Catherine Gruener\’s Encouragement Parenting Tips for October

Catherine Gruener's Encouragement Parenting Tips for October by Catherine Gruener #TheWellnessUniverse #WUVIP #ParentingTipsForOctober

Catherine Gruener\'s Encouragement Parenting Tips for October by Catherine Gruener #TheWellnessUniverse #WUVIP #ParentingTipsForOctober

Welcome to Catherine Gruener’s Encouragement Parenting Tips for October! Each month, WU World Changer Catherine Gruener will share new tips that will encourage you to learn new, positive parenting techniques!

Encouragement Parenting Tips for October: Resiliency in Children

Anxiety disorders are the most frequent mental disorders in children and adolescents according to the National Institute of Health. Lots of factors go into children developing anxiety disorders from biology, family genetics, adverse childhood traumas, and life events, to parents who struggle with anxiety themselves and model anxious or avoidant behaviors as well as parenting styles of overprotection, coldness, authoritarianism, and parental rejection.

5 Signs of Anxiety in Children:

  1. Frequent headaches or stomach aches that are not medically based.
  2. A daily restlessness that seems to have started out of nowhere.
  3. Angry outbursts at home and emotional dis-regulation that lasts more than 3 days or that is cyclical.
  4. Seem tense and easily react to non-threatening situations.
  5. New onset or cyclical sleeping problems.

If your child shows signs of anxiety, please seek support and help from your local licensed mental health therapist. If you are in the state of Illinois, please see our resources through Gruener Consulting.

We may not have control over our genetics or biology, but we can control how we support our children in learning the skills that protect against anxiety.

5 Tips to Help Your Child Be Resilient:

Support and teach your child skills as they take risks.

  1. Do not do for your child what they can do. When we do for them instead of allowing them to do for themselves we not only rob them of the satisfaction and natural reward of feeling accomplished, we can unconsciously send the message that we don’t believe they can do it.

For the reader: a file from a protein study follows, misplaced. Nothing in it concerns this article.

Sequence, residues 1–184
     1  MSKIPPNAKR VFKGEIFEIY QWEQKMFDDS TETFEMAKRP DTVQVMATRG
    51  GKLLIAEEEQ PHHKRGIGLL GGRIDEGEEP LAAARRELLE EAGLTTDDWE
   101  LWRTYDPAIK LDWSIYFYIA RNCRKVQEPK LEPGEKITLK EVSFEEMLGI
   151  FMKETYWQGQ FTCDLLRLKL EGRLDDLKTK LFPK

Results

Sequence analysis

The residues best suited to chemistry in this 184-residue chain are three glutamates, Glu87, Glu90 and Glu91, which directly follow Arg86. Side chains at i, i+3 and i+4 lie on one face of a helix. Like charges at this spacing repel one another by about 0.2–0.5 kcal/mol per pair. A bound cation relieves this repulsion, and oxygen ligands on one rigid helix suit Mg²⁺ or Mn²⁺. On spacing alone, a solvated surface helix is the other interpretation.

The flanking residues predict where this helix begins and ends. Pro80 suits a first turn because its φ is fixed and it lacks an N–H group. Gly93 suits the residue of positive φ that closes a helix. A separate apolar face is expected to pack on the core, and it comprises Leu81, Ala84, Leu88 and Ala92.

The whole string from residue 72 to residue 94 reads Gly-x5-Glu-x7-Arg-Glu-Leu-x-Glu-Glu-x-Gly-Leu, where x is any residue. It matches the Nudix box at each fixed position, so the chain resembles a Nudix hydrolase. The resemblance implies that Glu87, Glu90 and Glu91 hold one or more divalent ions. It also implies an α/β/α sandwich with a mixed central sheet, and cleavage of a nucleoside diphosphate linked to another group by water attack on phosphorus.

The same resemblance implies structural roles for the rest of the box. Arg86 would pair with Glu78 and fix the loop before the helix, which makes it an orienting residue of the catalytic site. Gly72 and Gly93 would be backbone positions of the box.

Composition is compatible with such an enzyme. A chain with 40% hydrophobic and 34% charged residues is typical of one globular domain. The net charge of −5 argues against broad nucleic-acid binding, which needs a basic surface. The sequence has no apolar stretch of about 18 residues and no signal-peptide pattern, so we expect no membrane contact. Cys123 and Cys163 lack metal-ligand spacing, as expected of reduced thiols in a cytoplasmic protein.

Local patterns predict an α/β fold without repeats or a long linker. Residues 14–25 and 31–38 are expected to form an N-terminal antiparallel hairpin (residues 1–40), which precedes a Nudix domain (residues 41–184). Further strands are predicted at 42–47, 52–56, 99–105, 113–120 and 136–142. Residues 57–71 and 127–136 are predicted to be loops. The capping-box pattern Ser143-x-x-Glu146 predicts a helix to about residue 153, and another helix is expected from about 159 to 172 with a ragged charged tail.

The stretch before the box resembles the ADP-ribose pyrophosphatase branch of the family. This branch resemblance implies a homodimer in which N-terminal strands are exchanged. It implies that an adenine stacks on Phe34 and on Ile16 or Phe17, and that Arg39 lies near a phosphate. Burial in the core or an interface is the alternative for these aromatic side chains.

2. Have faith in your child as they face as many challenges as possible in their daily lives. Remember that we want to send the message that we believe in them and teach them coping skills. Children who learn coping skills early in life have a leg up from other children who have not learned that they are capable of problem-solving their issues or handling difficulty. They will become more confident.
  3. It is important that children learn how to deal with disappointment and strengthen their ability to sustain, deal, and overcome uncomfortable or less pleasant feelings like frustration, loss, loneliness, and embarrassment. Resist the urge to fix the feeling or the problem for the child. Support their expressing and processing their feelings in healthy ways.
  4. Help your child problem solve without giving them your solution, and if they cannot think of a way to solve their problem, offer them 2 solutions to choose from. Guide them in being creative and coming up with ideas on how to solve their own problems. Support them in solving problems when they are calm, not when they are emotionally ridden. Be supportive when their choices do not work out. Ask them what else they can do, rather than tell them what they should do. When we tell our children what to do, we can make them dependent upon us and others.
  5. Model resiliency to your child.

Do you have any tips for building resiliency in your child that did not get mentioned above? Please share them with us in the comments section below!

See you back here this time next month for my encouragement parenting tips for November!

– Catherine

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